Introduction of Racinos Disrupt Ohio’s Gambling Market
The legalization of casinos had everyone expecting an increase in new jobs in Ohio. Gambling taxes were also expected to see an increase. It seems as though all of the expectations and promises have fallen through. Casino operators in Ohio blame the racinos for the fall in the game. Racinos are video slots that were introduced into seven racetracks in the year 2011. The racinos have brought gambling competition to the casino market since their inception.
How did racinos affect Ohio’s gambling market?
The racinos were introduced by Gov. John Kasich. The kind of competition it would bring up was unforeseen.
Racinos employ fewer workers as compared to casinos that use traditional table games such as Black Jack. This means that employment has not risen as expected in the gambling market.
In 2009, the casino taxes were predicted at $650 million. In reality, the annual casino taxes that were actually generated amounted to $270 million. Nothing close to what was expected.
In 2009, more than 8000 new jobs were predicted in the casino industry, however, the introduction of racinos did not allow the predictions to go as expected.
When it comes to generating income from racinos, the 2009 predictions called for a cut of 450 million in a year for Ohio. The reality is quite different. Ohio gets just about $350 million from racinos every year.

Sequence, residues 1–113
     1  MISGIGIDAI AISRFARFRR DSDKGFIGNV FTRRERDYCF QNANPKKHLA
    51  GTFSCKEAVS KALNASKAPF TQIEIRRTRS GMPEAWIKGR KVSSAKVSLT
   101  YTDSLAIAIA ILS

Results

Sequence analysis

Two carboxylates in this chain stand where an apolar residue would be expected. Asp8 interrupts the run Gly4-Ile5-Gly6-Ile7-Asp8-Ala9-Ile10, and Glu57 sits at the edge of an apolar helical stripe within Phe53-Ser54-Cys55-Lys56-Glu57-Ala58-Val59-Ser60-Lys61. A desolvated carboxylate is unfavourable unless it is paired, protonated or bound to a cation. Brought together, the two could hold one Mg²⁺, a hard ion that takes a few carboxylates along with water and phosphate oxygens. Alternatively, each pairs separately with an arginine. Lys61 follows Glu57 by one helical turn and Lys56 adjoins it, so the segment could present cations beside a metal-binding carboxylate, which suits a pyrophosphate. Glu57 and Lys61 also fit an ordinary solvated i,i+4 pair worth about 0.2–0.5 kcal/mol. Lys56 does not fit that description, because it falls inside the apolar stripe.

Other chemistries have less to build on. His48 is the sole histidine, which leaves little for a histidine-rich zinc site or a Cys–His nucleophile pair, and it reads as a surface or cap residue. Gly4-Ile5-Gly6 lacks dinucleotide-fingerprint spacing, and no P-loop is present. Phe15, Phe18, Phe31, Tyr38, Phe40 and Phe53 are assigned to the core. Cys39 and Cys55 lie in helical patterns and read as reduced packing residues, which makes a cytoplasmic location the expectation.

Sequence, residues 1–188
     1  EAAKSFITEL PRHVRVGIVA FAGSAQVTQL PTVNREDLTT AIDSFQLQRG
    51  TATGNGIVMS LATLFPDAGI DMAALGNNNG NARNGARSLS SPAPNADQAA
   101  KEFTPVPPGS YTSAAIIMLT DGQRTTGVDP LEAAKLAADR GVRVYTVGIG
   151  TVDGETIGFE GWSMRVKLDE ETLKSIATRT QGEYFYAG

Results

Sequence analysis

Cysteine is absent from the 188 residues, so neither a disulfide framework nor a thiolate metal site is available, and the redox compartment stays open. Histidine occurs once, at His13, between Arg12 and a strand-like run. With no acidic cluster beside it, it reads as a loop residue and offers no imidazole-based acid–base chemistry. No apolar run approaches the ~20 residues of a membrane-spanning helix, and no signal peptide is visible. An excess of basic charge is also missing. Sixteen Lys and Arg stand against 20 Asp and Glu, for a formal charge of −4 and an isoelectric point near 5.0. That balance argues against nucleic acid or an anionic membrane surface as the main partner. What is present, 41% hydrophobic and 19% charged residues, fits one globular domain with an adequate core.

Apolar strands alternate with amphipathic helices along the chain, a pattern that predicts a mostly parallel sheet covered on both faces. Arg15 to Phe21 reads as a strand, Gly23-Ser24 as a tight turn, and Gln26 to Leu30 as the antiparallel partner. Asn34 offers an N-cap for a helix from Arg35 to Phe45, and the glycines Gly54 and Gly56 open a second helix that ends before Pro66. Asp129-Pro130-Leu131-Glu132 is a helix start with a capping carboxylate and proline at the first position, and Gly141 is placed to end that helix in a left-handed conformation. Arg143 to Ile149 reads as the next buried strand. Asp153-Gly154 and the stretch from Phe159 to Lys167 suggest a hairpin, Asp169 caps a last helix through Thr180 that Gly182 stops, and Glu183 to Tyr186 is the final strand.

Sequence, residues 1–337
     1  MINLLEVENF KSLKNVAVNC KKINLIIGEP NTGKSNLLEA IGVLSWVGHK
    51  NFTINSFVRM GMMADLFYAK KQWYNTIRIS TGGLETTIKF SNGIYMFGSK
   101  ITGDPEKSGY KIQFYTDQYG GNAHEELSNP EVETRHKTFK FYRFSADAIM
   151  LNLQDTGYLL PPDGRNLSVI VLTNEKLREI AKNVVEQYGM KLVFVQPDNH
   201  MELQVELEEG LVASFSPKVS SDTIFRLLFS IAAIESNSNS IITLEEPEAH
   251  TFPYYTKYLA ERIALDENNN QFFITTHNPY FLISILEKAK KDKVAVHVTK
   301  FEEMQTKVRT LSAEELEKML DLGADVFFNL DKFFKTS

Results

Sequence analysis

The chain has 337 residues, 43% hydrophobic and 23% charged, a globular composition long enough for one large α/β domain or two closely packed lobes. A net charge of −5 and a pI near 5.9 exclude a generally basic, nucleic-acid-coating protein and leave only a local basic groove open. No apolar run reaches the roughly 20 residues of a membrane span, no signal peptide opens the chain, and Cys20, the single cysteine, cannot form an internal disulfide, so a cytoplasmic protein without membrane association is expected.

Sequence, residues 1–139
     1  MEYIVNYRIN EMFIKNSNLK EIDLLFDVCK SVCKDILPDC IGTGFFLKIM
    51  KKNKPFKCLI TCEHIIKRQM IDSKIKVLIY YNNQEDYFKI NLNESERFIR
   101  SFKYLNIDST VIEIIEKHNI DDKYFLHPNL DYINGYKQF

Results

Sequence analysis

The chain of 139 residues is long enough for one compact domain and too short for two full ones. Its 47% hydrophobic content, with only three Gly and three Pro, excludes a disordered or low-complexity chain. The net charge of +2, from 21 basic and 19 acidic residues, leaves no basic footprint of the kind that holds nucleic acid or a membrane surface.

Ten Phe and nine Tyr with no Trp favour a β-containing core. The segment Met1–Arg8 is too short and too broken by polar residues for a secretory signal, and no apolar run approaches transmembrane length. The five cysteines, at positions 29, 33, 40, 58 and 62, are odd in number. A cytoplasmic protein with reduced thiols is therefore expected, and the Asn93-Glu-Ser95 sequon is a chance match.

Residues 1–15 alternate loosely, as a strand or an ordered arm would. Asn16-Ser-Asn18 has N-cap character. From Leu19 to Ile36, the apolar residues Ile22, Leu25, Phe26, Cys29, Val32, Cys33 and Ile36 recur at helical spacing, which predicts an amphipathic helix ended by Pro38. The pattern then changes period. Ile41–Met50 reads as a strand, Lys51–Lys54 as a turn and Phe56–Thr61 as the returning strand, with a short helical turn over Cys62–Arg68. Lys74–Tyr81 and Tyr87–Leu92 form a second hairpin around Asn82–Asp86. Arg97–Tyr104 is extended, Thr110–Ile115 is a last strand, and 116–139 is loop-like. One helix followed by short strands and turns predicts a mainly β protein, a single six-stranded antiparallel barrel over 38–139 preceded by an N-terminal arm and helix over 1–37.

The casino versus racino competition is still heavy in the gambling market and is quite apparent in Greater Cincinnati. A number of casinos even had to shed a large number of their employees due to reduced business. This is quite the opposite of what was expected. In addition, the reduced taxes are affecting the beneficiaries as well. This includes the Department of Education.
Until 2013, the revenue generated by the gambling market mostly went into school districts and counties. The remaining amount went into host cities, the Ohio State Racing Commission, and the Casino Control Commission.
While the gambling market has proved to be beneficial in many ways, gambling addiction has become quite a severe problem. Reports state that one in every hundred Ohio residents have a gambling problem.
Before casinos and racinos became popular in Ohio, it was estimated that less than one in two hundred residents had a gambling problem.
Even so, reports say that the gambling problem in Ohio is far less than the gambling addictions across the United States as a whole.